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Former Obama U.S. Attorney General Eric Holder railed against redrawn Republican congressional maps Thursday, despite what one fact-checker described as his “parsed” opposition to Democrats’ gerrymandered maps in New York and Maryland.
During an appearance on MSNBC’s “All In With Chris Hayes,” Holder argued Democrats needed to do everything they could to prevent politicians from “picking their voters,” and claimed Republicans weren’t “into democracy” when it came to elections.
Earlier in the day, Washington Post fact-checker Glenn Kessler questioned Holder’s self-described “opposition” to Democrats’ redrawn maps in New York and Maryland, both of which were tossed out by the courts.
Former U.S. Attorney General Eric Holder appeared on MSNBC’s “All In With Chris Hayes” on May 19, 2022 and claimed Republicans “just ain’t that into democracy.” (Screenshot/MSNBC)
“The Democratic Party… we have to stand up for the rule of law. We have to fight Republicans,” Holder told host Chris Hayes.
“We have to bring lawsuits when we can, and try to make sure that we do all that we possibly can to have a system where politicians are not picking their voters. Where citizens are choosing their elected representatives,” he added.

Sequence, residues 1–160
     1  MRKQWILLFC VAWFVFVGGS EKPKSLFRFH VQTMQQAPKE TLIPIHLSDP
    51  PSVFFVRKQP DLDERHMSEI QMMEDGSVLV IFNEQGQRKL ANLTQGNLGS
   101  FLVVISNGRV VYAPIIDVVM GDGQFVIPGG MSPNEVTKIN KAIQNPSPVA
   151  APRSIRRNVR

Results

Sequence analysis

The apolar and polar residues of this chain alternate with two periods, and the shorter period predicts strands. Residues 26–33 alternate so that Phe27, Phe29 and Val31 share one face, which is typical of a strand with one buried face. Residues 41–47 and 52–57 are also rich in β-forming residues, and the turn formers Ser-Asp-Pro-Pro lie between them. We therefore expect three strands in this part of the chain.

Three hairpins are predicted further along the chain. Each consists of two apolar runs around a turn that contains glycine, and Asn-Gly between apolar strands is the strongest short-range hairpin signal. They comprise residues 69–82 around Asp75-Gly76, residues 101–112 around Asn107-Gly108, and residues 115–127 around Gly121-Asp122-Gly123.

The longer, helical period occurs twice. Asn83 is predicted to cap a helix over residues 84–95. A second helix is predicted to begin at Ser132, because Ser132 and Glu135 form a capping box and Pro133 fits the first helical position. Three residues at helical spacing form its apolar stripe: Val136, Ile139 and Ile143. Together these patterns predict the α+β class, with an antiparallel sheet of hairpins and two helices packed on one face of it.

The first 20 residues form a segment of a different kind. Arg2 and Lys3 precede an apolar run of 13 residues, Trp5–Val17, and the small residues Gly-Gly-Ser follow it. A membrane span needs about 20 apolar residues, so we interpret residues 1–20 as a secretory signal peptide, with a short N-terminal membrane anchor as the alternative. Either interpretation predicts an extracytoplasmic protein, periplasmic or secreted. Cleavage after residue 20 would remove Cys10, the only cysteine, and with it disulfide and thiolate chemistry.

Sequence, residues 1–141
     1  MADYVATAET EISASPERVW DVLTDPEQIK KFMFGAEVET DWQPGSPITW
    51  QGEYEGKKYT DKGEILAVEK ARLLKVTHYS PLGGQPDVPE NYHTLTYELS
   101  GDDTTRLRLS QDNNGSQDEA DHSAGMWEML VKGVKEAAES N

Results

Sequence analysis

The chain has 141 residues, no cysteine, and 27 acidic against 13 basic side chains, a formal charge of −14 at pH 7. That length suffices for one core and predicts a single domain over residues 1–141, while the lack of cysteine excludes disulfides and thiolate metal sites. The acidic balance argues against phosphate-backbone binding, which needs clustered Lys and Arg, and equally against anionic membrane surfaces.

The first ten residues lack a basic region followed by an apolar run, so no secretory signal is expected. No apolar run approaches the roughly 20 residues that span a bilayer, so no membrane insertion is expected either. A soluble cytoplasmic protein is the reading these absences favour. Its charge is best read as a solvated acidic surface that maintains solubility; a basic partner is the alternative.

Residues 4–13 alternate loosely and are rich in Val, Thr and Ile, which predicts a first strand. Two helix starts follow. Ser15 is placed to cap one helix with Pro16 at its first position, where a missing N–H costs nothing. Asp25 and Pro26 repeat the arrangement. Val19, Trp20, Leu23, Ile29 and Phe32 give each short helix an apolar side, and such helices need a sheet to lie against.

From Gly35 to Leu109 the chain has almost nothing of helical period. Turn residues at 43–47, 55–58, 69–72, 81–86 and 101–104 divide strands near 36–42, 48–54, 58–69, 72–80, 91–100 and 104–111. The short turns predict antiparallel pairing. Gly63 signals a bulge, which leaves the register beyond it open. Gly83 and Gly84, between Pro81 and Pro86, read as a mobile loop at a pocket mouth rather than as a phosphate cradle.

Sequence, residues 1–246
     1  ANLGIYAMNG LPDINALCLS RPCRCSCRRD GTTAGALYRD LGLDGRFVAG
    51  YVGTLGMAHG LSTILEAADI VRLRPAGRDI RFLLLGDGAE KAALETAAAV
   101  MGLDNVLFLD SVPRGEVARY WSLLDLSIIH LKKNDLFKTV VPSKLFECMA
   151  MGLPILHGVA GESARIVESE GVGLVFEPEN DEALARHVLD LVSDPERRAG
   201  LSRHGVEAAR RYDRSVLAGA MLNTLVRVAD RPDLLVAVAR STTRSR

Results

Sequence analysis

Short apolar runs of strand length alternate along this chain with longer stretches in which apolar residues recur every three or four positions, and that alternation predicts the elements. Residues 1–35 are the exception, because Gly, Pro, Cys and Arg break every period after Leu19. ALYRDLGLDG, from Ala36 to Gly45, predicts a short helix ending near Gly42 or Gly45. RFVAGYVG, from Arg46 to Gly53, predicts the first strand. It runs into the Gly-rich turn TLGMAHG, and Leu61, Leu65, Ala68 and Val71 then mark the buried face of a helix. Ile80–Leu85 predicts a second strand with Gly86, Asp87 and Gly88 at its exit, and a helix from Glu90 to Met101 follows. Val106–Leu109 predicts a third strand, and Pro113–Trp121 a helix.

He later claimed Republicans “just ain’t that into democracy,” when it came to elections, and that American democracy was “under attack,” in “peril,” and could be lost if people didn’t stand up for it.
Washington Post fact-checker Glenn Kessler. (ERIC BARADAT/AFP via Getty Images) (Washington Post)
Earlier this month, Holder said he had opposed the Democrats’ maps in New York and Maryland, telling “Face the Nation,” “I indicated my opposition to what had happened, with [what] the legislature did in Maryland. I agreed with the judge in [what] he did there. In New York, what I’ve said is that those are not the maps I would have drawn in New York.”
He then argued that what happened in New York and Maryland didn’t “compare” to what was going on in Republican-led states.
Kessler, however, described Holder’s language in the interview as “passive and carefully parsed,” and reported that he was “silent” when the New York and Maryland maps were first drafted despite his “forceful” language on Republican maps.
“Even when the maps were rejected, he suggested the new maps should be similar. That’s a strange way of showing opposition,” Kessler wrote.